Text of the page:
Tags: , ,

21 Oct 11 A Fabulously Fifties Way to See the USA


“ALL new.”

That familiar phrase has been a mantra of American automotive marketing since Detroit automakers began their ritual of annual model changes in the 1930s.

But all too often, the words have been applied to cars whose changes were no more than skin deep, sometimes just a new grille, restyled taillights, a bit of updated trim. Credibility has worn thin.

Flash back to Oct. 24, 1954: as the wraps come off the latest models in Chevrolet showrooms, it’s clear that this time “all new” is no exaggeration.

In the context of the company’s recent models, the new ’55 Chevy arrives on the scene like a thoroughbred galloping past a team of Clydesdales. The matronly lines of the ’54 models give way to a look that’s long, low and lean, establishing a well-defined border between yesterday and tomorrow.

The garish chrome teeth of last year’s grille have been pulled, replaced by a purposeful egg-crate design. Some say the grille was inspired by a Ferrari, perhaps the 250S of 1952. Whatever its source, it gives the newest Chevy a sporty European presence that sets it apart.

Other details include a wraparound windshield (optically distorted, but a styling triumph). There’s a beltline dip just behind the front door with a subtle chrome accent descending from it. On the Bel Air, Chevy’s top-of-the-line model, a tasty color panel highlights the chrome spear that runs along the side.

By the standards of postwar American design, the use of chrome is remarkably restrained.

In Ford showrooms, the ’55 Fairlane Crown Victoria is distinguished by a gleaming chrome tiara that stretches right over the roof. It’s much the same at the Plymouth store. Under Chrysler’s new design chief, Virgil Exner, Plymouth has shaken off its timidity of the last decade and rolled out cars that have some flair — not to mention Plymouth’s first V-8 engine option.

And the entire industry has gone into Technicolor overdrive: two-tones, three-tones, pastels, pink and black, coral and gray. The 1955 automotive palette seems to have been conceived inside a rainbow.

But still, the new Chevy is the one that has everyone talking. Inside, a polished panel spans the dashboard from door to door, adorned with a galaxy of tiny Chevrolet bow tie logos. A pair of cowls poke above the dashboard upper surface like eyebrows, one sheltering the instruments and the other carrying the Bel Air logo and a clock, providing visual symmetry (and raising the possibility of right-hand-drive models).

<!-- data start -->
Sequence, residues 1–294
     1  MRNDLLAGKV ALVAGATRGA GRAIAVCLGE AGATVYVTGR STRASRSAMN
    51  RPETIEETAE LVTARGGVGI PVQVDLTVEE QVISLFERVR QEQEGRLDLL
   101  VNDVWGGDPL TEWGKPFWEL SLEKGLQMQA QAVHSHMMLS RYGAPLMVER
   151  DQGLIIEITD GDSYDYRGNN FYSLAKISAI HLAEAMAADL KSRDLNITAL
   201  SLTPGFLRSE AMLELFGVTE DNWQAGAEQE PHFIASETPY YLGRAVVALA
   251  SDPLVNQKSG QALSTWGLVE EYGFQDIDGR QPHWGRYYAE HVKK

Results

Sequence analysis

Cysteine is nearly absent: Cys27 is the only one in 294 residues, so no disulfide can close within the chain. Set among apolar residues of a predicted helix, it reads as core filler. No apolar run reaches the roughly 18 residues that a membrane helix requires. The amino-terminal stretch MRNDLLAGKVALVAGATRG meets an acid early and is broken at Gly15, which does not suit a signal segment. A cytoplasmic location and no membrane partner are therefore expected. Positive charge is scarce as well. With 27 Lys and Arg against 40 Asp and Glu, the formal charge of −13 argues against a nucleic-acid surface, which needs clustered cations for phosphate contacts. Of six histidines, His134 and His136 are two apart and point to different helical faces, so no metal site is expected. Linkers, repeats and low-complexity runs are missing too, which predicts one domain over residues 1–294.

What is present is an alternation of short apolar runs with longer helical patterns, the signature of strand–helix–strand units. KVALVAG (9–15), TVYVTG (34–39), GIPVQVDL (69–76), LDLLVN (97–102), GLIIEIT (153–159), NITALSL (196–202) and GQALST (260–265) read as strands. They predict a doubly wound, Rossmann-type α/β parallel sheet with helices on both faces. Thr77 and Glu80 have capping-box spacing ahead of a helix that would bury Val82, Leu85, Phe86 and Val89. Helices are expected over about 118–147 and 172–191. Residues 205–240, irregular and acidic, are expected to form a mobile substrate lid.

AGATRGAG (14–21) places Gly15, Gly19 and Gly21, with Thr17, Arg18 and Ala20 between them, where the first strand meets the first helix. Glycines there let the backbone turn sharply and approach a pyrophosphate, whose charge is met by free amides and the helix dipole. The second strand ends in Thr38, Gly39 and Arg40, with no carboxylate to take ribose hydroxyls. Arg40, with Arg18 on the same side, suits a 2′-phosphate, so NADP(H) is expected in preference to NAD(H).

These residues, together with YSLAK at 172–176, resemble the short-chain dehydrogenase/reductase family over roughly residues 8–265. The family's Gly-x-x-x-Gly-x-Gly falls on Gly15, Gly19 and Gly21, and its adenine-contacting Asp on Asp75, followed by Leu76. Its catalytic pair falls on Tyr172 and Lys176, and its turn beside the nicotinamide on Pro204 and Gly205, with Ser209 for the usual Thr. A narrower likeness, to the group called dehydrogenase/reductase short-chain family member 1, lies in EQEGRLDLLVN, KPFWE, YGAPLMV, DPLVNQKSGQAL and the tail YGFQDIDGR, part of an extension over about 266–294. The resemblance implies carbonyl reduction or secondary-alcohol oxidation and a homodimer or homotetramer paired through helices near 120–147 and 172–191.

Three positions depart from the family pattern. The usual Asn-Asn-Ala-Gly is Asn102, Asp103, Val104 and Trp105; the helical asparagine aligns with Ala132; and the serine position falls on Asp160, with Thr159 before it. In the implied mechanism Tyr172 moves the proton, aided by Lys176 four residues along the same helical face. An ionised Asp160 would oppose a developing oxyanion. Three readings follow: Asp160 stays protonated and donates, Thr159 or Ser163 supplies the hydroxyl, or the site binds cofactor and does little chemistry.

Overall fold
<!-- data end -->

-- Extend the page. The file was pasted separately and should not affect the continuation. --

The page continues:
There’s more all-new underneath the visible all-new. The new chassis, for example, is lighter than the previous car’s, and it is 50 percent stiffer. Low weight with high chassis rigidity is the basic prescription for good handling, and a new front suspension — ball joints replacing the king pins of the previous models — exploits the upgrade.

Chevy has finally dispensed with its archaic torque tube driveline, which ought to delight mechanics everywhere. As its name suggests, the torque tube was part of the car’s power delivery system, connecting the transmission to the rear axle. But that design made repairing a transmission or replacing a clutch far more involved. The ’55’s exposed driveshaft eases the task considerably.

Then there’s the new 12-volt electrical system, which can deliver a hotter ignition spark and more punch to the starter, helping to wake up a cold engine on a subzero winter morning in this Detroit suburb.

And what an engine story there is for 1955! The brand that has soldiered through the decades with a 6-cylinder introduced in 1929 now offers the option of a V-8 engine. Here again, “all new” is well justified.

Overhead-valve V-8 engines have proliferated since World War II, so Chevy is a latecomer to this most American of internal-combustion creations. That may be why cars with the 265-cubic-inch V-8 proudly display a stylized V emblem under each taillight, a subtle trim feature with a powerful message.

But Chevy’s V-8 is different, and the difference can be attributed to one man: Edward N. Cole.

G.M. committed to a V-8 for Chevrolet as early as 1951, and a design was well along in 1952 when Mr. Cole transferred from Cadillac to become Chevy’s chief engineer.

His first act was to scrap the design, which was essentially a scaled-down Cadillac V-8.

Article source: http://www.nytimes.com/2011/10/23/automobiles/autoreviews/a-fabulously-fifties-way-to-see-the-usa.html

Tags: , ,